If our gray days matter to God, then they should matter to us as well. So don't discount them. Look for and learn the lessons they provide, and give thanks for the subsequent gifts that come into your life that you would likely not have experienced any other way.

Consider it a sheer gift, friends, when tests and challenges come at you from all sides. You know that under pressure, your faith-life is forced into the open and shows its true colors. So don't try to get out of anything prematurely. Let it do its work so you become mature and well-developed, not deficient in any way.”
(James 1:2-4 MSG)

Monday, August 24, 2015

The Hallway of Heartbreak

A phone call received, a question posed, and suddenly I found myself seated in a chair in the livestock auction shed on the last day of the local county fair. Livestock buyers had been given tickets to trade for a free box lunch ordered from the deli department in our grocery store; I had been asked to deliver the initial load of lunches and stay to aid in their distribution.

Having stacked the boxes in the cooler, there was little to do until lunchtime arrived and people started coming to trade their tickets in for their meal. My attention drifted to the action happening on the other side of the wall where the auction was in full swing and buyers were responding to the auctioneer's call. I peered over the wooden boards beside me, peeking between people seated on the highest row of bleacher seats, and watched as one by one, first steers, then sheep, then goats were paraded in front of the crowd, each young owner standing at their animal's head, watching as various buyers in the crowd raised their numbered paddles to place a bid. Once sold, the animal was led off to the side of the barn in which I was seated and led back to a holding pen; it was in this narrow hallway that the real drama of the day took place.

The animals had been raised for sale, after all, and all who participated knew well in advance that this moment of separation was coming. It didn't seem to bother the older boys with their steers nor the younger kids with their goats; it was the teenage girls with their sheep who had the hardest time saying goodbye to the lambs they had raised. Despite the nearness of the crowd and the loud and incessant babble of the auctioneer, it was a silent and private moment in which tears flowed freely and broken hearts were comforted by the parents who had guided them for months and now waited to hug and help them over this final hurdle. I felt guilty to be watching and repeatedly turned away, even as my own eyes filled and my throat choked up in response to their sorrow. For them the moment soon ended, but seated where I was, I witnessed the scene over and over again, one animal after another, until I thought I would surely have to move my location to one where my sympathy tears didn't interfere with the job I was there to do.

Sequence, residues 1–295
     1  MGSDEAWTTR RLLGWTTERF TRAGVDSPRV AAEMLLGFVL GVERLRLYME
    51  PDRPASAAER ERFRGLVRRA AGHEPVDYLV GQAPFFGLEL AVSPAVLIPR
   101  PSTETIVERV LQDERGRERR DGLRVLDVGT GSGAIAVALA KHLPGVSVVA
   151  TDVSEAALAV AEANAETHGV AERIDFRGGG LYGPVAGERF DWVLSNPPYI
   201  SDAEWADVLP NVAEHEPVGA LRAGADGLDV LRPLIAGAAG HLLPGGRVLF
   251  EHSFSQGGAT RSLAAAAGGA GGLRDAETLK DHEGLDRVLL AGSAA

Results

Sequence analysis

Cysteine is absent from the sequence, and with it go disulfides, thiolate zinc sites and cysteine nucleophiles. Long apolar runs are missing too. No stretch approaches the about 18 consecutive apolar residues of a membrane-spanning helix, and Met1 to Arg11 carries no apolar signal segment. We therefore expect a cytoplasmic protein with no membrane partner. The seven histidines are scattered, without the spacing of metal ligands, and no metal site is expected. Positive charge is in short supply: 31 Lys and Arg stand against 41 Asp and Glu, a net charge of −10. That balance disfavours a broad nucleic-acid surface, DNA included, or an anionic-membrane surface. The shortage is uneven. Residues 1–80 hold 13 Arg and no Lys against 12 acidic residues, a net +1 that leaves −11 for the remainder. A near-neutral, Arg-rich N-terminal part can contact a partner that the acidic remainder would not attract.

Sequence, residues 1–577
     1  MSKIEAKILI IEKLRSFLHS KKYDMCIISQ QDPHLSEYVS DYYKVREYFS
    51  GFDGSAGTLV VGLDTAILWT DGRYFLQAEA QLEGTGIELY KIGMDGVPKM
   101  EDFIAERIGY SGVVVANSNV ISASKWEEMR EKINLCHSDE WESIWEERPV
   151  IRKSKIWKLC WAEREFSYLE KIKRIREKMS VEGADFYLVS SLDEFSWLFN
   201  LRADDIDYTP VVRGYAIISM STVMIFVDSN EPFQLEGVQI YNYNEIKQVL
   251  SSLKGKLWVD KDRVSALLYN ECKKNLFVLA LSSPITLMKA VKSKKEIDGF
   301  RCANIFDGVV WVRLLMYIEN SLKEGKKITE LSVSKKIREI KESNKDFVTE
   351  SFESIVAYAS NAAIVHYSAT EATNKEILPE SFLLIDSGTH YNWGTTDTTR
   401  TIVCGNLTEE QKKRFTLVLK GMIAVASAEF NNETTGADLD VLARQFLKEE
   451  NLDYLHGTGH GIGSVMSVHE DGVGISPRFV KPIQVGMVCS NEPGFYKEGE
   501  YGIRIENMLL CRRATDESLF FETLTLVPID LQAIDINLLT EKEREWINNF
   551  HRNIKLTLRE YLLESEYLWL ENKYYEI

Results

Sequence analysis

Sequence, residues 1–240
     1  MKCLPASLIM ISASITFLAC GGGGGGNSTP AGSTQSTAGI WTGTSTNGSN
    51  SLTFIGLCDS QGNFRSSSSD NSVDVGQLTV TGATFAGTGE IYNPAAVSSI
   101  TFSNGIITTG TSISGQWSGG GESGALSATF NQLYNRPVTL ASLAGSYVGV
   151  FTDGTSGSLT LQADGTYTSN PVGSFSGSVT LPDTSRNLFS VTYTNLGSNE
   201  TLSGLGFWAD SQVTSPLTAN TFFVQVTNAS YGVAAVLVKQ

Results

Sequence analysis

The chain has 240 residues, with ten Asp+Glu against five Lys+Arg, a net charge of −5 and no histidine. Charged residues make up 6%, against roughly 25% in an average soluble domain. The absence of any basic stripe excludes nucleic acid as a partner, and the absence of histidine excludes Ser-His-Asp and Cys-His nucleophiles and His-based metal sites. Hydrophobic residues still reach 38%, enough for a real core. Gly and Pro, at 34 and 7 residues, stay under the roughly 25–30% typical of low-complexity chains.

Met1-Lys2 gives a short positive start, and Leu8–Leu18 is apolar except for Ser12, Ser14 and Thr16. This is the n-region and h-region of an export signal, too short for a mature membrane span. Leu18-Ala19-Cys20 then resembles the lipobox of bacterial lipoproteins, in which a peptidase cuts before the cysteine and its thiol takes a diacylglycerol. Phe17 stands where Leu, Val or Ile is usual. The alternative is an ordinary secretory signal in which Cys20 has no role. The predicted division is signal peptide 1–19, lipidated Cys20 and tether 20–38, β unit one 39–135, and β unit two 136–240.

One image in particular stayed with me out of the many I witnessed that day, that of a crying girl being comforted by her father as he held her close with one arm and held her lamb by the halter with the other. It came back to me a few days later when I was writing a note to somebody struggling with a recent death in the family, and reminded me that however unprepared emotionally we are to deal with such a moment, God stands at the ready to help us through it.

All of us know that our loved ones, like ourselves, are born to eventually die, but we avoid thinking about the far end of the life experience during the earlier days of joyous togetherness. But like the parents of these youngsters at the fair, God knows that the day of parting is coming, and so He deliberately positions Himself to hold and hug and share the tears of those who finally have to say goodbye. And perhaps it's because God's own Lamb was sold to pay for the privilege we have of sobbing our heartache into our Father's shoulder that He holds us especially close in our times of sorrow. He knows and understands the pain of loss and loves us enough to ensure we are not alone in it.

My day at the fair thus ended on a much happier note. When the lunches had all been given away I was told to walk around the grounds for a while and enjoy the sights and sounds (and food!) for a bit before heading back to the store and clocking out for the day. I did so with a comforted heart, knowing that God wants us to live our lives in much the same way...to do the job He sent us to do and enjoy ourselves along the way, knowing that He is with us whatever we face, to laugh with us, to love on us, and eventually to lead us all safely Home.

To everything there is a season, A time for every purpose under heaven”
(Ecclesiastes 3:1 NKJV)
Related Posts Plugin for WordPress, Blogger...